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Preparing to Be President on Day One

Authors


Harrison Wellford has advised Democratic presidents-elect and presidential nominees on transition planning since 1976, when he headed the Government Reform Task Force for President-Elect Jimmy Carter. He was manager of the Carter–Reagan transition for the outgoing president in 1980–81, served as White House transition advisor to President-Elect Bill Clinton in 1992, and chaired a transition planning team for Democratic presidential candidate John Kerry in 2004. Mr. Wellford has served as executive associate director of the Office of Management and Budget and as executive director of presidential reorganization planning. He practiced law at Latham and Watkins, where he chaired the energy and international practice groups. He is now managing partner of Terrawell Energy Group, which develops and invests in solar power and other renewable energy ventures.
E-mail: harrison.wellford@retiredpartner.lw.com

Abstract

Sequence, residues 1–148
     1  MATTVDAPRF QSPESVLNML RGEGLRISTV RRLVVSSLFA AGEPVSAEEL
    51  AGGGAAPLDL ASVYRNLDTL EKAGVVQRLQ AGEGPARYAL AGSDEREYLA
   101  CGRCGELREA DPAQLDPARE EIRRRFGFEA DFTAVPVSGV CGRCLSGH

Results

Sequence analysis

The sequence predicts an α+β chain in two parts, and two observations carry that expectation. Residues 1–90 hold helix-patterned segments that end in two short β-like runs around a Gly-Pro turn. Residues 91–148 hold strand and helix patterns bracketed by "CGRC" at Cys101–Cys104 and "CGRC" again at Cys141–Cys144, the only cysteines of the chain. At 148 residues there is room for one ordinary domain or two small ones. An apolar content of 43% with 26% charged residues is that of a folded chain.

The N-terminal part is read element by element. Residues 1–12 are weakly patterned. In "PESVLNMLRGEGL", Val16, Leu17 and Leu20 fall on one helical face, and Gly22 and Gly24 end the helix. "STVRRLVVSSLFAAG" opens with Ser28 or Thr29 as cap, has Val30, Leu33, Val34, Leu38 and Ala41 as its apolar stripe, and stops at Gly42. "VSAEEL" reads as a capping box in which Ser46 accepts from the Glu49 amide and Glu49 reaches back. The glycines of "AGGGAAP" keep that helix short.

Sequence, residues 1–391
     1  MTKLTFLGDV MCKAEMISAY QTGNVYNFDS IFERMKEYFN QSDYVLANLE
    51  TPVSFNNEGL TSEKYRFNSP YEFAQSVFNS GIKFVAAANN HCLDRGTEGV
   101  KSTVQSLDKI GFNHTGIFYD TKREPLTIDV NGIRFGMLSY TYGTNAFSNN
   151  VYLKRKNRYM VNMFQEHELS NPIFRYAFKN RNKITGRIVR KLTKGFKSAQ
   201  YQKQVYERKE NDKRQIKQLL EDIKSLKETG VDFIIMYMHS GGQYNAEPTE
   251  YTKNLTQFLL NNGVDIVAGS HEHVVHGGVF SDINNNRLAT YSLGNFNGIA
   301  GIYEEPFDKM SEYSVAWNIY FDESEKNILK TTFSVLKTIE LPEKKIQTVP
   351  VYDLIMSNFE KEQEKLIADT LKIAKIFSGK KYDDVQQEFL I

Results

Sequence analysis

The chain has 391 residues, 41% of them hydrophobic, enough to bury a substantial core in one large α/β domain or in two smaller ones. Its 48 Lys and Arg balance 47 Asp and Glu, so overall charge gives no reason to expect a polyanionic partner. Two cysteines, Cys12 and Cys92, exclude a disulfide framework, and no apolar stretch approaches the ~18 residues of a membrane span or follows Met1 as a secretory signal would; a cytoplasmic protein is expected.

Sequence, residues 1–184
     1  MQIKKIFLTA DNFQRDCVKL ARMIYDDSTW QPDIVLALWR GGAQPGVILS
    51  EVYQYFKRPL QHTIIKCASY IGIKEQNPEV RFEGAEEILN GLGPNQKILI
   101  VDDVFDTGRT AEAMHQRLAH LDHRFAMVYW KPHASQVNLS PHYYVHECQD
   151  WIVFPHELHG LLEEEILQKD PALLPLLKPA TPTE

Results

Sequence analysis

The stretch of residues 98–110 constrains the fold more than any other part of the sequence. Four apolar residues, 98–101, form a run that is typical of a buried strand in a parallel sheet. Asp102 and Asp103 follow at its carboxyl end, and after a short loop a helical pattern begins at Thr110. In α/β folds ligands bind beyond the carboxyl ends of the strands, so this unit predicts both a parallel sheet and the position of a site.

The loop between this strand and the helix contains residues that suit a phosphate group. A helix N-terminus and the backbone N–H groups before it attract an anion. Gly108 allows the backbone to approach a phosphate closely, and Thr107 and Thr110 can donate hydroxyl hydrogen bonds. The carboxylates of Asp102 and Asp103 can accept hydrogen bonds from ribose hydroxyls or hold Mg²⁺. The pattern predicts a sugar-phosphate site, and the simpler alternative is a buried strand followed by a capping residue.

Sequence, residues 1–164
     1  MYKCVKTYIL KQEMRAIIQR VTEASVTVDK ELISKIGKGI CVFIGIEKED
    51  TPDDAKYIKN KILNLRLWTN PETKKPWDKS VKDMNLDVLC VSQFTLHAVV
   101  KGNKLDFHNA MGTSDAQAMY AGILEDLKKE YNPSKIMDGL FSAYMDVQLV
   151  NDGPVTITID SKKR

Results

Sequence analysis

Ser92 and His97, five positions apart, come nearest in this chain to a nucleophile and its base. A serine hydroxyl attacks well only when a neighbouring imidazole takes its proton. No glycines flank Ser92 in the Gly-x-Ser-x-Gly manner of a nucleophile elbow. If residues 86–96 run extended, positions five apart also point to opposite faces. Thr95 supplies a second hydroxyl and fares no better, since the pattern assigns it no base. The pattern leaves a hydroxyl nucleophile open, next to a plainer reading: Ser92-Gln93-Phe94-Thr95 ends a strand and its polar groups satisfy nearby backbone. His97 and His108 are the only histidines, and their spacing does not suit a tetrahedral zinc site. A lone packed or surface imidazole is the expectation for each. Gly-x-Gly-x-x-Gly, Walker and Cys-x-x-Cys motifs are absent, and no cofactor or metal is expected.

Nearly 50 years ago, John F. Kennedy asked Clark Clifford to handle his transition planning; the day after the election, Clifford handed Kennedy a single memorandum. Transition for today’s president-elect is much more complex. Managing the shift from campaigning to governing is the president-elect’s greatest challenge and biggest opportunity. According to Martha Joynt Kumar in her foregoing essay, the newly elected would do well to learn from the successes and failures of their predecessors. In short, the risks rooted in the inexperience and hubris of new presidents may be mitigated or avoided by knowledge gained from analysis of transition precedents. In this essay, the author provides a practitioner’s checklist of dos and don’ts drawn from his experience as a manager and advisor in presidential transitions.

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